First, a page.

The wheel propulsion is powered by either a CIM Motor, a Falcon 500 Brushless Motor, or a NEO, while the steering is managed by a PG71 gearmotor. Both of these motors are mounted to a main motor plate, which can easily be mounted to your robot frame or other structure via the 0.5 in. hole pattern around the perimeter.
There are three encoder options available:
- "PG": The incremental encoder on the back side of the PG71. This encoder can be used to determine steering angle provided that all the modules start facing forward.
- "MA3": An MA3 absolute encoder and associated hardware included. The user has the option of 5 mounting locations for this encoder.
- "Lamprey": A Lamprey through bore absolute encoder pre-installed and pre-calibrated into the module.
- 1/2020 FRC 2020 Season Refresh
- Choice of CIM or Falcon 500 motor
- Choice of either PG, MA3, or Lamprey encoder
- Thrust needle bearings replace bushings supporting the robot weight.
- Gear plate redesigned for more supporting surface area
- Ball bearings replace bushings on the 12T input gear shaft.
- Bearing gear redesigned to accommodate this bearing as well as the Lamprey encoder magnet
- Drive axle is captured with tapped ends to increase yoke rigidity.
- Yoke redesigned to accommodate hex spacers sizes
- Drive axle has tapped ends
- 11/2019 Standardized CIM pinion to 1/2 in. face width with 3/8 in. of centered tooth engagement
- 9/2019 Removed unused hole and adjusted thickness on bearing plate
- 8/2019 The motor mount plate has been widened to make mounting to box tubing frames easier and the lightning pattern has been redesigned. Note this change means they no longer 100% drop in replacements for old modules. See CAD for details.
- 8/2019: The PG71 now uses a 1/2 in. hex shaft as the 3/8 in. hex PGs are being phased out.
- 1/2019: The PG71 now uses a 3/8 in. hex shaft and the gear mounted to it has access holes for easy tightening and removal of the gearmotor.
- 7/2017: The keys used to transmit torque from the CIM were widened to prevent it from becoming dislodged.
- 7/2017: The collar clamp on the CIM pinion was replaced with one of higher quality to improve clamping force.
- 7/2016: The absolute encoder, am-3308 now has mounting locations to give a 1:1 gear ratio to the module via the 40 tooth encoder gear for easier programing.
- 7/2016: The 12 tooth CIM pinion now has a wider slot to allow for a 2mm key to more securely lock the gear to the motor.
Drive Gearing & Ratio:
- 12 tooth spur gear is driven by CIM or Falcon 500 Motor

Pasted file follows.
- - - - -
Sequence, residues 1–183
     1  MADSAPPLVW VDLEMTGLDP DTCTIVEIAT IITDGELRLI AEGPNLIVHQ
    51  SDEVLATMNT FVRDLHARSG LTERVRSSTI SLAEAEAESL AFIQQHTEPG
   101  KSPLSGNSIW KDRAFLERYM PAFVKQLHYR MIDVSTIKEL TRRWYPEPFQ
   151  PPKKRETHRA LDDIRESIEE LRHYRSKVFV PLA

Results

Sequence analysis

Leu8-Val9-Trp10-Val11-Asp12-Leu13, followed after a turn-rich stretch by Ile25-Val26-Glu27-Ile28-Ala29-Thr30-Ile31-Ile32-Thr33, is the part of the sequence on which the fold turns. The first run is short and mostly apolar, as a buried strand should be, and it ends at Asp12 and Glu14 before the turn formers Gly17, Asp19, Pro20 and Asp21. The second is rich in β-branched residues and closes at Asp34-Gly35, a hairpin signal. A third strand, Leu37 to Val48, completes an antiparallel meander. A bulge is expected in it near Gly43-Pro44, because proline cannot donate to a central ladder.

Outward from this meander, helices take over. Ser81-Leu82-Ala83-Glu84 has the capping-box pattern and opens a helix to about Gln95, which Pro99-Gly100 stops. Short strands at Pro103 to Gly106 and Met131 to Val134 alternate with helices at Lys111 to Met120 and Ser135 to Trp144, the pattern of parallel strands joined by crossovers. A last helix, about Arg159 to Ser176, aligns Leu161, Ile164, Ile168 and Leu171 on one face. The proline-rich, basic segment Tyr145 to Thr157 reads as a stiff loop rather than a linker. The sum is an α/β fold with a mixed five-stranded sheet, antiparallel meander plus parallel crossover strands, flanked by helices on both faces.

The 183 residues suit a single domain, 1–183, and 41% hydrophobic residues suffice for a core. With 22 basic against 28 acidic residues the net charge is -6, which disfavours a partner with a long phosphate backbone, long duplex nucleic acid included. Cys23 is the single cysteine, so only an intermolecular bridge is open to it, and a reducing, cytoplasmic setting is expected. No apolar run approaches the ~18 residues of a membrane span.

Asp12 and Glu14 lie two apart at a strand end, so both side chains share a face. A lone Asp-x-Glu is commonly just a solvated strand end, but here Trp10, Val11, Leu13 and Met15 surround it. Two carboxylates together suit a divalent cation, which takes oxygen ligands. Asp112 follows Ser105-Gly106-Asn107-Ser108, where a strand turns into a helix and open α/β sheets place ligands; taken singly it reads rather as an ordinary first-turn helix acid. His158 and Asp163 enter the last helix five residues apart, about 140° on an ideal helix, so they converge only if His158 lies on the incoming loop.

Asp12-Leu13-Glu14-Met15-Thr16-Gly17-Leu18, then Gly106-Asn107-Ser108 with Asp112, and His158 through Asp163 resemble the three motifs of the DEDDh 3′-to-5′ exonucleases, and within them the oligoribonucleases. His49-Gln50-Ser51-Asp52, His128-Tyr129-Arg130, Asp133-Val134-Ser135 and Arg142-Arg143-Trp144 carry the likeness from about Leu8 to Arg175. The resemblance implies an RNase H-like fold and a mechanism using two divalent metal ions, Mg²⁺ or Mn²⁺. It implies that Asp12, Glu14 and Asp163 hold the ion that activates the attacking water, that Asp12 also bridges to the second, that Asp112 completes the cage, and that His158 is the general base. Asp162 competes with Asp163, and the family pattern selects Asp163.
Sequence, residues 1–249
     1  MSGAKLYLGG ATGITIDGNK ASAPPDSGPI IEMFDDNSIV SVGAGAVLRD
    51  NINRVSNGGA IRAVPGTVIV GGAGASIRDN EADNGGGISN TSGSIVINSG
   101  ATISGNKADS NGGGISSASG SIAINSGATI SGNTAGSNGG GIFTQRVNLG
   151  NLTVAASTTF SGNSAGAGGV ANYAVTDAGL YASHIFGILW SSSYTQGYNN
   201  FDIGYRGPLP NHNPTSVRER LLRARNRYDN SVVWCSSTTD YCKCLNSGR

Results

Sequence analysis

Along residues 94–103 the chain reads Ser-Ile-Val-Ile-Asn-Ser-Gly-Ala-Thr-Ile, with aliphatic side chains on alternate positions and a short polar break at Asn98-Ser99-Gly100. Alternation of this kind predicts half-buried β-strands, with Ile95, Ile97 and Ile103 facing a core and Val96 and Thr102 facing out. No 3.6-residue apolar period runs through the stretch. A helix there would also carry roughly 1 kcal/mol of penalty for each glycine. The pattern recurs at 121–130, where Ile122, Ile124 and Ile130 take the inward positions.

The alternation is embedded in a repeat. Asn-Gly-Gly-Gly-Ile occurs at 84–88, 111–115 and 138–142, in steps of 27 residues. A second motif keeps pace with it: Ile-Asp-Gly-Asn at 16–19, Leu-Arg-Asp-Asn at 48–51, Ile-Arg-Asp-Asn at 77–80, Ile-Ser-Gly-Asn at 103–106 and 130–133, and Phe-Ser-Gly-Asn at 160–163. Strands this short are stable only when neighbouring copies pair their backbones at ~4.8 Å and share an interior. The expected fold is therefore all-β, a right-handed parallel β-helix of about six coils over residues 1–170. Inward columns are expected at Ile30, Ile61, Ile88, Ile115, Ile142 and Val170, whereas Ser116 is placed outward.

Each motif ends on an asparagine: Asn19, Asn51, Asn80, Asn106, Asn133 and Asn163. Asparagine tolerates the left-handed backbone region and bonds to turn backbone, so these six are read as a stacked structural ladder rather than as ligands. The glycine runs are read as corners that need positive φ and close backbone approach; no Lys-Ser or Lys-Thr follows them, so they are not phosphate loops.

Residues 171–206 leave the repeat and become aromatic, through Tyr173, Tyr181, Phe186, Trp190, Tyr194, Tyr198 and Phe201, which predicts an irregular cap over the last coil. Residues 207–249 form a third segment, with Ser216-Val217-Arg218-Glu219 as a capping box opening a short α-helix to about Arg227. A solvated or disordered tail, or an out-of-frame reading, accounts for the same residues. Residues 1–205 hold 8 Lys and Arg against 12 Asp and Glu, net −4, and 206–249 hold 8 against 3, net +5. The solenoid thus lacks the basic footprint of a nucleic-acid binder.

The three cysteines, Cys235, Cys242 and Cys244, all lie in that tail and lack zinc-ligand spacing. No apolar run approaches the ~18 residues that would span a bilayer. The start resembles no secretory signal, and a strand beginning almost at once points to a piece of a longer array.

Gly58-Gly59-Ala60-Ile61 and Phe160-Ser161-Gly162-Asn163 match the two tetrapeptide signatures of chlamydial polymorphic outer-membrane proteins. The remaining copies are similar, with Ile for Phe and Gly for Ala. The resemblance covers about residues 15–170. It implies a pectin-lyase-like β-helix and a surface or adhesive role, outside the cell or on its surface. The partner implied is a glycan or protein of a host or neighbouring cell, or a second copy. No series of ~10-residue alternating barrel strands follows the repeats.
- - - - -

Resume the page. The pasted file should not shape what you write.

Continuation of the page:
- 40 tooth spur gear is driven by 12 tooth spur gear
- 20 tooth bevel gear is co-axial with and driven by 40 tooth spur gear
- 40 tooth bevel gear is driven by 20 tooth bevel gear
- 4" HiGrip Wheel is co-axial with and driven by the 40 tooth bevel gear
- Overall Gear Ratio: 6.67:1
- 660 or 800 Max Wheel RPM (depending on motor selection)
- 11.5 or 13.5 ft/sec (depending on motor selection)
- 48 tooth spur gear is driven by PG71 gearmotor
- 40 tooth spur gear is driven by 48 tooth gear
- Lower portion of module pivots directly with the 40 tooth gear
- Max Steer Speed: 90 rpm
- 1 CIM or Falcon 500 motor for Driving
- 1 PG71 for Steering
Team 1640 has some example code for driving a swerve system. Their Cheif Delphi post can be found here, https://www.chiefdelphi.com/media/papers/2704. The Library and explanation can be downloaded here, https://files.andymark.com/FRC1640_2011_PivotDriveLibrary.zip
- Motor Input: CIM,Falcon,NEO
- Motor Quantity: 1
For teams that do not have a lot of CAD/CAM ability, AndyMark always gives us an ability to try new things. The preassembled swerve modules, let us get a testBot going is less than one weeks. Going forward, we want to go to CAN bus to eliminated a bunch of control wiring. We already had 4 Neo500 motors so we swapped them into the CIM locations. Only issue was the motor leads and a 1/4 nut wanted to be in same place, but it worked ok. I have a Neo550 motor that I would dearly love to mount on the PG71 gearbox, but I may not be smart enough. This will get rid of all the PWM + encoder cables. Enough whining... Your modules did exactly what we wanted. You got us a working swervebot with the least amount of cost and fabrication effort. Thanks